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Honeylocust trees Curt Arens
BUILDING NITROGEN: Researchers don’t know why honeylocust trees in silvopasture could improve soil nitrogen levels in the grazing forages, but they are trying to understand the relationship to help farmers reduce nitrogen inputs.

Honeylocust trees may offer silvopasture benefits

Farmstead Forest: In crop fields, open pasture and silvopasture systems, soil fertility is crucial.

Soil health is the buzzword these days across agriculture. Farmers are focused not only on saving soil in the field, but also improving the soil health and fertility.

While crop producers are the most likely folks to talk about soil health and soil fertility, there is research ongoing about how woodlands and agroforestry practices such as silvopasture play into the soil health picture, particularly when it comes to nitrogen. 

They’ve been studying silvopasture systems — combining grazing livestock and trees — at a research site in Blacksburg, Va., for 25 years. Researchers from Virginia Tech University recently reported that some Rhizobium bacteria species responsible for nitrogen fixation may be associated with honeylocust.

Although they are in the legume family, honeylocust trees do not form nodules on roots, typically associated with nitrogen fixation. Studies have shown that foliar nitrogen concentrations of honeylocust trees fall somewhere in between levels found in nodulating legume trees such as black locust, and nonleguminous trees.

It isn’t known if these trees can fix nitrogen captured from the atmosphere, but it seems clear that honeylocust trees are associated with additional nitrogen in the soil. If this is true, having honeylocust as part of silvopasture systems would reduce input nitrogen needs to produce high-quality pasture for grazing.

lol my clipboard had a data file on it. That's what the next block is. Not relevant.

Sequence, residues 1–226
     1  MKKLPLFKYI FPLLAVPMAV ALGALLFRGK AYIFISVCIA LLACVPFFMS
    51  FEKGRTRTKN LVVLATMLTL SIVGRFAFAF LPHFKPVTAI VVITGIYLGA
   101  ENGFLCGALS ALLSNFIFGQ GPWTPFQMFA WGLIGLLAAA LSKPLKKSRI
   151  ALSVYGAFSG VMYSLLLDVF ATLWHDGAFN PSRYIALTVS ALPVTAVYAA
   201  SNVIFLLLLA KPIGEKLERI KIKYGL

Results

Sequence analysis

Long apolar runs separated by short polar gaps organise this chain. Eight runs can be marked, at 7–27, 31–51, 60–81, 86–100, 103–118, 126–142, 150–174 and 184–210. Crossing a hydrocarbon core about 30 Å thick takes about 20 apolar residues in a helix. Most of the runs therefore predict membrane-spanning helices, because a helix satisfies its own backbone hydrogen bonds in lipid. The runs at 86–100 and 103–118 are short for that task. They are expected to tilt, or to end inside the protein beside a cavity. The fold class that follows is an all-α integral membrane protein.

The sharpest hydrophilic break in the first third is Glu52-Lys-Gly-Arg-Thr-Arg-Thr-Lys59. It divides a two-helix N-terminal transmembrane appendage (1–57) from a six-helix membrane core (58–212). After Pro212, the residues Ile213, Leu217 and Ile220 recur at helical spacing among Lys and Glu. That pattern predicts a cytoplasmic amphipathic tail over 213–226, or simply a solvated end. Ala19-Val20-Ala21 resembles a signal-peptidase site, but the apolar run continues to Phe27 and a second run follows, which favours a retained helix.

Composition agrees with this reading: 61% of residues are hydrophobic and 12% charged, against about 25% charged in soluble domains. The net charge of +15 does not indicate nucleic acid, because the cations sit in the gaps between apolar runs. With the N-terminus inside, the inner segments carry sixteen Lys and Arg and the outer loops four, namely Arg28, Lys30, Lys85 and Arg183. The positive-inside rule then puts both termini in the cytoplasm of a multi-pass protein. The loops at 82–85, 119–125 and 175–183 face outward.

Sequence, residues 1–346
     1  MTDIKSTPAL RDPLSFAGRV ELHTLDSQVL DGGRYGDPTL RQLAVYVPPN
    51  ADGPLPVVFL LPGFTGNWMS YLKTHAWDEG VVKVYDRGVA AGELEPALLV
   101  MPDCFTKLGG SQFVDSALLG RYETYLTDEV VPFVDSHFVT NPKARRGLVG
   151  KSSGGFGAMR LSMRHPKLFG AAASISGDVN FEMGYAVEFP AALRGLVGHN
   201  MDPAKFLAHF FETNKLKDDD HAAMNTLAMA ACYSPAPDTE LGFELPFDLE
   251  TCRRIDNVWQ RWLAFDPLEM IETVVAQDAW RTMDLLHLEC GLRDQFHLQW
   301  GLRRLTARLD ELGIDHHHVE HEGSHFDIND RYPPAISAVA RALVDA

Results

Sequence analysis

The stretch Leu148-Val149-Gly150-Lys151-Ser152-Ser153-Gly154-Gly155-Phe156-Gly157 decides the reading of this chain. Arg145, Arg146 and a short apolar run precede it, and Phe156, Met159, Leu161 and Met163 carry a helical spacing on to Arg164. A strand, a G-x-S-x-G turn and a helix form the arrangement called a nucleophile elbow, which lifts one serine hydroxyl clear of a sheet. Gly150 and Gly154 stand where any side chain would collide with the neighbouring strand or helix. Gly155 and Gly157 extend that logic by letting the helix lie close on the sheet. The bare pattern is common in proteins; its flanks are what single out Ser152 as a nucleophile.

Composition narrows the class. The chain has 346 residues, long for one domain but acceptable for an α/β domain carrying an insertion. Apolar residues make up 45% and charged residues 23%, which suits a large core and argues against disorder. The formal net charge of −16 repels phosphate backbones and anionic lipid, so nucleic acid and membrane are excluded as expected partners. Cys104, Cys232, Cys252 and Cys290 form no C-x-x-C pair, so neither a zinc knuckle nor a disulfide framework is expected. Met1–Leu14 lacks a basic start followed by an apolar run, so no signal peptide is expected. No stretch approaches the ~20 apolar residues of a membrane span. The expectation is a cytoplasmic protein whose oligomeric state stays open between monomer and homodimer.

At one agroforestry research center, two types of silvopastures were compared to open pastures without trees. In one paddock, black walnut trees were established for their nuts and timber. In another paddock, honeylocust trees were established for their nutritious pods. Both trees have compound leaves, producing diffuse canopies that help maintain grass and forage production, because their leaves allow some sunlight through the canopy.

Soil samples collected from the paddocks and open pastures were analyzed for inorganic nitration. While not statistically significant, soil samples in the honeylocust silvopasture paddocks were higher in total nitrogen, compared to the paddocks with black walnuts or open pasture.

Forage species analysis also was done on each of the paddock types through three summers. Black walnut silvopastures had more tall fescue and orchardgrass, with orchardgrass most dominant. Honeylocust silvopastures had about twice as much red and white clover compared to the open pastures.

These clovers are coveted by livestock producers and can offer a significant amount of nitrogen to the pastures as they are consumed by livestock, with excess nitrogen excreted back to the pasture.

Researchers think that honeylocust may have provided a better environment for the clovers to thrive, compared to the black walnut silvopastures and open pastures, and that is why the soil nitrogen levels were higher with honeylocust than in the other pasture types. It could be that honeylocust trees simply have the same effect as clovers in offering more nitrogen to the soil.

Further analysis is ongoing, trying to gain a real life understanding of these systems, so farmers could put into action tree and forage planting strategies that reduce input costs and improve profitability from silvopasture systems.

TAGS: Conservation
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